Gary Cohn: another Goldman banker in Trump’s inner circle


NEW YORK: Gary Cohn, tapped Monday by President-elect Donald Trump to head the White House’s National Economic Council, is second-in-command at investment banking giant Goldman Sachs, which he once hoped to lead.

Cohn, 56, has worked on Wall Street since the 1990s and is one the firm’s best known public faces. He makes frequent television appearances to talk about the health of financial markets and the global economy.

Before joining the Wall Street powerhouse, the married father of three — who comes from a humble family background and struggled with dyslexia in his youth — started out selling windows and worked in the steel industry.

At Goldman, Cohn was in charge of some of the firm’s cash-cow businesses, including the division overseeing fixed income, currency and commodities. As president and chief operating officer, he has been heir apparent to CEO Lloyd Blankfein since 2006.

But after it became clear that Blankfein, who announced early this year he was “probably cured” of lymphoma, would not hand over the reins any time soon, senior figures in the bank began to consider Cohn’s future there, according to a person with knowledge of the matter.

Cohn’s selection for the Trump administration will require a new line of succession within Goldman, and the bank could take advantage of the opportunity to promote a new generation of leaders.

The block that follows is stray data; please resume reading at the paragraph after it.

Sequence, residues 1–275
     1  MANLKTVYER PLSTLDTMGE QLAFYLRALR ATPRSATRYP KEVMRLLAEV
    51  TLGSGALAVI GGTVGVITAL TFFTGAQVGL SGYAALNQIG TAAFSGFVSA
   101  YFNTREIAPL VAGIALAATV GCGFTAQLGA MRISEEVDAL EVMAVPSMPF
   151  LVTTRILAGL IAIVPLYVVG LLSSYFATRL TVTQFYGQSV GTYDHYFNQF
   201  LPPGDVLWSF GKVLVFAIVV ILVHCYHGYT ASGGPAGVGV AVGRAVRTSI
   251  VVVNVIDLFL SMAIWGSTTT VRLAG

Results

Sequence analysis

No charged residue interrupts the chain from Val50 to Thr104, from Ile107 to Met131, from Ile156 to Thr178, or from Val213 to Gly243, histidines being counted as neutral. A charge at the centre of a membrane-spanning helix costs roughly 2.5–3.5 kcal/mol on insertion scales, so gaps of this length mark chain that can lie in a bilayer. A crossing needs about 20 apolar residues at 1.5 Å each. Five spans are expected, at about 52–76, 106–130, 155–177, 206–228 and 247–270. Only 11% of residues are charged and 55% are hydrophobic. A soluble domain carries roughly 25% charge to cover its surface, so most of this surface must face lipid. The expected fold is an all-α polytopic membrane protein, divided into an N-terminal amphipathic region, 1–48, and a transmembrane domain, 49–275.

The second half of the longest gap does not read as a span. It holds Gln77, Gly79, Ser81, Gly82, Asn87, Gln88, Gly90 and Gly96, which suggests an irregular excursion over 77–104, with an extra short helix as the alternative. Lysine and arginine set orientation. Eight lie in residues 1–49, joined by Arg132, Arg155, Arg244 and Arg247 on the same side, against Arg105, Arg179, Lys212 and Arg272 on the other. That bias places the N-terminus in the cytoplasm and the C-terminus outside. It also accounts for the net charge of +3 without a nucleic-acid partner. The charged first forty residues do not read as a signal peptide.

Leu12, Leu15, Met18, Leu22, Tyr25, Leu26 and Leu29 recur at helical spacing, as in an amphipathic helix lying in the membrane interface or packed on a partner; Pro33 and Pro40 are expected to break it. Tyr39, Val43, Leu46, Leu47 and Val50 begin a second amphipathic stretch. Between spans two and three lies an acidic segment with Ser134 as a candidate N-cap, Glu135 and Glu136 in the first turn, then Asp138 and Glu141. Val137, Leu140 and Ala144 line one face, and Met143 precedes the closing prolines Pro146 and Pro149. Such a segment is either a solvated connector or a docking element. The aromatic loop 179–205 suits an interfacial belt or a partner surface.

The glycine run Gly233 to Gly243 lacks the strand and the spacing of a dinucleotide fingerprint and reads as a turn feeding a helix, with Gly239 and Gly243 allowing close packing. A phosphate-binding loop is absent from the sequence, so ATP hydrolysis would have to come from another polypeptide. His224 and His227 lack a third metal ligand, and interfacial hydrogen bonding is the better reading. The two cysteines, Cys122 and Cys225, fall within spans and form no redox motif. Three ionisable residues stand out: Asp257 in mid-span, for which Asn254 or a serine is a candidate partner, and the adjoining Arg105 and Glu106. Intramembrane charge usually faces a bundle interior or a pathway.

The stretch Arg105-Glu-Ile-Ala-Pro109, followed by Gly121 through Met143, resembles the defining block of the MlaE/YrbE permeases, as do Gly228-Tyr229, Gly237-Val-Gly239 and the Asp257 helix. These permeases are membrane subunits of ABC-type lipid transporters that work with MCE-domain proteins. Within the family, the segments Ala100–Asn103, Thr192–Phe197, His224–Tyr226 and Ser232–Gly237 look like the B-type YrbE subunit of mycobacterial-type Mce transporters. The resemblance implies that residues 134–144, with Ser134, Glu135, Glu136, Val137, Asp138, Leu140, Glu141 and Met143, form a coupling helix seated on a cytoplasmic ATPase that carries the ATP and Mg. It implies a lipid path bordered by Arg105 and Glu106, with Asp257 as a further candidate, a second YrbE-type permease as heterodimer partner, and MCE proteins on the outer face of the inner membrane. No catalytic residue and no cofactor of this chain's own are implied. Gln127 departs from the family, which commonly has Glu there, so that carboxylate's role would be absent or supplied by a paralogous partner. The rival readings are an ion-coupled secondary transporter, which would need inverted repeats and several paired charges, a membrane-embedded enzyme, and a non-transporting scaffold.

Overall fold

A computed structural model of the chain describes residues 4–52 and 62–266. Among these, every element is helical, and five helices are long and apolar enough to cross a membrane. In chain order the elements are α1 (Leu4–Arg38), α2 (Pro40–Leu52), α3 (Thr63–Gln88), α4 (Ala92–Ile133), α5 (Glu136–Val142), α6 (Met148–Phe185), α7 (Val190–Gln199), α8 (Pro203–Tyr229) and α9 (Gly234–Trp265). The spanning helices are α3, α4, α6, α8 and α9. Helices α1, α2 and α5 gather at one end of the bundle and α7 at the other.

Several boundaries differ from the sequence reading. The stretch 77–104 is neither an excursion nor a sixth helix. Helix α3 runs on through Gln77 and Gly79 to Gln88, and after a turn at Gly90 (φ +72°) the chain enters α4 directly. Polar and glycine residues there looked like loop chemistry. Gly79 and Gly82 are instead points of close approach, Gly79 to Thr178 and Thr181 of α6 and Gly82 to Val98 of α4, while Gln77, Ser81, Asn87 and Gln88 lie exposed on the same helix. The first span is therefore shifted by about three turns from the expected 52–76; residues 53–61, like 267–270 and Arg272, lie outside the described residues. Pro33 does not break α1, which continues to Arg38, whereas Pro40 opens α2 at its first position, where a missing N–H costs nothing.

It doubtless also will fuel criticism that Trump’s inner circle is packed with Goldman alumni, with Cohn being the fourth to join.

Trump already had picked Steven Mnuchin to lead the Treasury Department, and Steve Bannon as chief strategist in the White House, while Anthony Scaramucci is a member of Trump’s transition team, all former Goldman bankers.

The nominations fly in the face of Trump’s attitude toward the bank on the campaign trail, when he attacked rival Hillary Clinton’s ties to it.

In the campaign’s closing moments, Trump went as far as to use Blankfein’s face in a TV spot accusing elites of illegitimately holding the “levers of power,” drawing outraged accusations of anti-Semitism.

But the bank’s shares have soared more than 32 percent since Trump’s shock triumph at the polls last month over Clinton — a $24 billion capital gain in about a month.

Two former Treasury secretaries were Goldman alumni: Robert Rubin and Henry Paulson, under the Bill Clinton and George W. Bush administrations.


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